Jun 6, 2010
Celebrity ad bandwagon a costly trend
Jun 6, 2010
PARIS (Reuters) - Luxury groups are increasingly jumping on the celebrity advertising bandwagon to make their voice heard and boost sales, a trend that puts pressure on margins and which is here to stay, luxury executives believe.
Lossmaking Italian jeweler Bulgari resisted celebrity ads for years, preferring to invite VIPs to its shows or events, but it recently caved in, sending its costs soaring.
"We are more and more into celebrities. They make your brand visible," Bulgari Chief Executive Francesco Trapani told the Reuters Global Luxury Summit this week. "But of course, our communications budget has gone up."
In January, the Rome-based brand launched its first global advertising campaign in glossy magazines which featured actress Julianne Moore lounging naked on a sofa, adorned with large emerald earrings, two white parrots and a camel-color handbag.
"Since then, we have had people coming into our shops asking for the Julianne Moore bag," Trapani said.
Bulgari has hired the actor Clive Owen for its men's perfume campaign which will be launched in September.
Trapani said it was becoming increasingly difficult to find celebrities who were not used by other brands. The trend is also creating a bidding war for certain personalities, which makes it tough for smaller luxury brands to compete.
"Using superstars creates significantly high barriers of entry. You need considerable means," Cerruti Chief Executive Florent Perrichon told the summit this week.
"But celebrities are now part of the business and they will remain so," he said.
Louis Vuitton and Hermes have used the downturn to grab more advertising space and crush competition.
Cerruti, which is trying to rise from the ashes after going bust in 2004, has just hired the French singer Marc Lavoine for its 1881 campaign and admitted it was part of the reason why the company would not be profitable again this year.
"The problem with using celebrities is that it works, that is why everybody is doing it," Perrichon said.
French handbag maker Longchamp said it had seen a notable spike in the sales of a bag designed by supermodel Kate Moss, the fashion house's face since 2006, even though she is featured in other ads such as Yves Saint Laurent's perfume La Parisienne.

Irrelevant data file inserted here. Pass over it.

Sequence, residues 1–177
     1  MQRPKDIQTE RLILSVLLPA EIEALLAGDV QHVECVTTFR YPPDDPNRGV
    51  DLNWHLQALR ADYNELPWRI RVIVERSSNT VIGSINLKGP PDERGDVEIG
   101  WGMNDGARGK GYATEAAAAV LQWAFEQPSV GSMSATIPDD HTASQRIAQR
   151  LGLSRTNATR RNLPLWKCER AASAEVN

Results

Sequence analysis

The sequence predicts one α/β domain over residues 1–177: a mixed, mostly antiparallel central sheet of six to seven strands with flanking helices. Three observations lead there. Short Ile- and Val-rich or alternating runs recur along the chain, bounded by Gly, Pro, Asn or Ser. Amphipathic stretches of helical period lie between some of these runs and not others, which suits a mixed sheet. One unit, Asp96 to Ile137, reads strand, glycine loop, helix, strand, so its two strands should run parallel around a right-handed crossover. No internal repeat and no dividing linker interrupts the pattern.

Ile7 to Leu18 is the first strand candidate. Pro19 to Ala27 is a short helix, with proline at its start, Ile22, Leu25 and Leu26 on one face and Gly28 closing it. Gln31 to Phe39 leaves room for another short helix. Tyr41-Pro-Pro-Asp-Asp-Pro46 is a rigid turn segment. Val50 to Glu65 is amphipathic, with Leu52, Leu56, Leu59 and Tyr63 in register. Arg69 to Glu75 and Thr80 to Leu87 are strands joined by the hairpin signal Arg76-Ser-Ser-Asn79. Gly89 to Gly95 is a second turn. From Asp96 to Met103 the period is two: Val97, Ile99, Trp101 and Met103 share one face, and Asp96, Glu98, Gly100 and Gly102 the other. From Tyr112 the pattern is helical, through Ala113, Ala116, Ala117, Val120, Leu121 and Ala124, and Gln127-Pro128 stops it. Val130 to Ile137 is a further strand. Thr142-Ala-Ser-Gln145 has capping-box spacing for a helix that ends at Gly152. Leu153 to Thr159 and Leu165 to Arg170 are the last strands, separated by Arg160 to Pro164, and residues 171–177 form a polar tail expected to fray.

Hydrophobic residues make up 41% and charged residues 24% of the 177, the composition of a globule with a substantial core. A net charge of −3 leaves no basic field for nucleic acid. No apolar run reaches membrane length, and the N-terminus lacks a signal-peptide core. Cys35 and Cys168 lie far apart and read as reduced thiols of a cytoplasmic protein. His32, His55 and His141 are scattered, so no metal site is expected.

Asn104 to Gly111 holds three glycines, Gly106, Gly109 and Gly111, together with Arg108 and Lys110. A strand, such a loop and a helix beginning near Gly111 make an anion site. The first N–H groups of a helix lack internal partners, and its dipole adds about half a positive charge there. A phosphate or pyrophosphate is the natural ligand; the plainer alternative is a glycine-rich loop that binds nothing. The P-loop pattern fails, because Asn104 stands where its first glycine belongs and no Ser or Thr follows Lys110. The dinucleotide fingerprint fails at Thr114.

Celebrity endorsement has doubled in the last decade, according to a report cited by the marketing website www.brandchannel.com.
TOO MUCH LIMELIGHT
But relying too much on celebrities can be dangerous, analysts say.
"There is a natural limit to this marketing technique: if it becomes over-used, consumers recognize ambassadors are doing it for the fee which can damage the brand," said James Lawson, director of luxury market research specialists Ledbury Research.
He said high profile ambassadors did not work for all brands and they were no guarantee of success, particularly for smaller names.
Also, the reputation of a celebrity can change quickly. Tag Heuer dropped Tiger Woods after the golf champion was lambasted by the media over his extra-marital affairs.
But some super stars such as Kate Moss are more immune. A few years ago, Burberry suspended its contract with the model after she was hit by a drug scandal. But very quickly, she was back on the cover of Vogue and in luxury brands' adverts.
"For me, using a celebrity for your brand is a sign of weakness," said Jean-Marc Jacot, chief executive of luxury watch maker Parmigiani Fleurier.
He acknowledges that Parmigiani Fleurier, which is not even 10 years old, does not have cash for advertising. But he lets it be known that people such as Melinda Gates, wife of billionaire Bill Gates, and Russian Prime Minister Vladimir Putin own a Parmigiani watch.
French luxury and pen maker ST Dupont, which also does not have funds for advertising, makes targeted presents instead.
Since its Chief Executive Alain Crevet offered a black lacquered pen to French President Nicolas Sarkozy to congratulate him on his 2007 election victory, ST Dupont has become a regular supplier of the Elysee Palace.
But the use of celebrities is not appropriate for every brand. For example, Buccellati, the fine Italian jeweler favored
by European monarchs and actresses, avoids the star system.
"We are not really in favor of celebrities. Our brand is known well enough," Buccellati Vice President Andrea Buccellati told the summit this week.
Instead, the jeweler said it preferred to organize private shows and events to build personal relations with customers.
(Editing by David Cowell)
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